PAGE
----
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“It’s not just the Crown’s office (as) the whole system is very disorganized and slow,” he said. “They just sat at the sheriff’s (office) and then when the Crown got a hold of it they dropped it but didn’t bother to inform defence counsel and didn’t even bother to inform the accused.”
Kitchen gave some credit to the Crown’s office by saying staff are often overworked and under-resourced and the pandemic has made the situation worst.
He said he believes there were only three tickets issued during the May 10 rally, with two of them already withdrawn. The first was against Edmonton resident Cory Teichroew. The third person ticketed during that rally is not being represented by the centre. Kitchen said he believes only one ticket was issued during the May 2 rally.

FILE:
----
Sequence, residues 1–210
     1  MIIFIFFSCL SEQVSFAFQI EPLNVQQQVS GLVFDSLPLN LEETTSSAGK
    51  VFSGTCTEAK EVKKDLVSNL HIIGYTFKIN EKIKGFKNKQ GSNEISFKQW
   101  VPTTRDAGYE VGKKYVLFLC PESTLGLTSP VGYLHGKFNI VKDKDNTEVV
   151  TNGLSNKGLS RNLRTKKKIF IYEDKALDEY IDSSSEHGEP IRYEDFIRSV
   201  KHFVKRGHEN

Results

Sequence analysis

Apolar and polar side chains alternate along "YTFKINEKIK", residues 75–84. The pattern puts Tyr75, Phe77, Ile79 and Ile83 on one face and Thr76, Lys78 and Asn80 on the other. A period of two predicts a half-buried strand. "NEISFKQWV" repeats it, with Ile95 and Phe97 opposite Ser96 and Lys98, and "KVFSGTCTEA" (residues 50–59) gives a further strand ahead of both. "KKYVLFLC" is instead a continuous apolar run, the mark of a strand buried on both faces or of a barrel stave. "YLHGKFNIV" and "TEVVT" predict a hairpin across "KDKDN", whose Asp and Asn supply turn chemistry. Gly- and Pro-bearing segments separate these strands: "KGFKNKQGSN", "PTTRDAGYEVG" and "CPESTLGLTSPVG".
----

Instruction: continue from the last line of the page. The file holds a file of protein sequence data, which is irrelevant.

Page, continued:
The tickets were issued under section 73(1) of the Public Health Act, which states that a person who contravenes the act, the regulations, an order under section 62 or an order of a medical officer of health or physician under Part 3 is guilty of an offence.
Kitchen said he still doesn’t know how exactly all three men violated the act.
“I can only speculate,” he said. “The Crown doesn’t call us up and say, ‘Here are our reasons for withdrawing.’ I can’t say with any certainty. The Crown has an ethical obligation that they take very seriously and they tend to adhere to quite well to only prosecute any charge or ticket issued by the police if it both is in the public interest to prosecute and there’s a reasonable likelihood of conviction. Both those things have to be met.”